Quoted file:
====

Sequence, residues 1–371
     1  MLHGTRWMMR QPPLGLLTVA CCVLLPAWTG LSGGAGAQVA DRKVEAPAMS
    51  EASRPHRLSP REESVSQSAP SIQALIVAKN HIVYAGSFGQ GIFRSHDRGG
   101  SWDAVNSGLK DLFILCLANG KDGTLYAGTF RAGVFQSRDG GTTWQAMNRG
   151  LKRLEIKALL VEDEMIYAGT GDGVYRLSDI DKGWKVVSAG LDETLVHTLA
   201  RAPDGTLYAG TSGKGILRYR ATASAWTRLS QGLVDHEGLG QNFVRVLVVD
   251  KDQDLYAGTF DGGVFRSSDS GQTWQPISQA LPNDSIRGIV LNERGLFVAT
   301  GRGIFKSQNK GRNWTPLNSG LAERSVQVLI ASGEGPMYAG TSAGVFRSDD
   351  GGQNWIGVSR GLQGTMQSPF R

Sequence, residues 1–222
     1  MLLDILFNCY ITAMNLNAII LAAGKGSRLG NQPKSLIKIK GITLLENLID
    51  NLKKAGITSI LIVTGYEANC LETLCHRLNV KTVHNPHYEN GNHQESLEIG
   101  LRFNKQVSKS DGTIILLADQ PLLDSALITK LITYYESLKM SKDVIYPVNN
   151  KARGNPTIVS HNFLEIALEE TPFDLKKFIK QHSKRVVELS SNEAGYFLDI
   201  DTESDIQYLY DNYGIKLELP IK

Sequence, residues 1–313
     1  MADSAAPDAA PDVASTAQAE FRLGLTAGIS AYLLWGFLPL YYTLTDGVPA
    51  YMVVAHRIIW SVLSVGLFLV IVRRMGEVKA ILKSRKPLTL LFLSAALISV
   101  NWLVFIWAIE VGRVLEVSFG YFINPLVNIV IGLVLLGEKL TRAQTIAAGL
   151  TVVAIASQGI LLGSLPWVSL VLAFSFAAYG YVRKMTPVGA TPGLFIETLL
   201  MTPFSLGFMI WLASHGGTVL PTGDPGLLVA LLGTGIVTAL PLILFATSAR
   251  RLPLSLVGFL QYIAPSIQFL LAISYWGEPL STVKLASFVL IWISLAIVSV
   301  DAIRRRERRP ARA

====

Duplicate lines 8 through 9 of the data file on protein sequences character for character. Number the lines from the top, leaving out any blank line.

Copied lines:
   301  GRGIFKSQNK GRNWTPLNSG LAERSVQVLI ASGEGPMYAG TSAGVFRSDD
   351  GGQNWIGVSR GLQGTMQSPF R